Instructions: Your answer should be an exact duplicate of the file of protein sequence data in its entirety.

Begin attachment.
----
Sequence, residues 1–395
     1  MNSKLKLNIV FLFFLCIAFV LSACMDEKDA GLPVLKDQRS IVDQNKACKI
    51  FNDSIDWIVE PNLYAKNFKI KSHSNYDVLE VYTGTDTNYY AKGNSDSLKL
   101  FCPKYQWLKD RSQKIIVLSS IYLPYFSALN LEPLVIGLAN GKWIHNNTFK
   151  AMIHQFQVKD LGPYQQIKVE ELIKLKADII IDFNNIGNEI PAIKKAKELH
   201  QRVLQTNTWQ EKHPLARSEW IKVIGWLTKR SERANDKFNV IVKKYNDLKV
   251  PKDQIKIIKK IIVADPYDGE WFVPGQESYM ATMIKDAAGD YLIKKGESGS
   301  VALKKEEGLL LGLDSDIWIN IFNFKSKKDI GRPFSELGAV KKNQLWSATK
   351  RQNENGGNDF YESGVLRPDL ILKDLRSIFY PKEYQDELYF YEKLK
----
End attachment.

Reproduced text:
Sequence, residues 1–395
     1  MNSKLKLNIV FLFFLCIAFV LSACMDEKDA GLPVLKDQRS IVDQNKACKI
    51  FNDSIDWIVE PNLYAKNFKI KSHSNYDVLE VYTGTDTNYY AKGNSDSLKL
   101  FCPKYQWLKD RSQKIIVLSS IYLPYFSALN LEPLVIGLAN GKWIHNNTFK
   151  AMIHQFQVKD LGPYQQIKVE ELIKLKADII IDFNNIGNEI PAIKKAKELH
   201  QRVLQTNTWQ EKHPLARSEW IKVIGWLTKR SERANDKFNV IVKKYNDLKV
   251  PKDQIKIIKK IIVADPYDGE WFVPGQESYM ATMIKDAAGD YLIKKGESGS
   301  VALKKEEGLL LGLDSDIWIN IFNFKSKKDI GRPFSELGAV KKNQLWSATK
   351  RQNENGGNDF YESGVLRPDL ILKDLRSIFY PKEYQDELYF YEKLK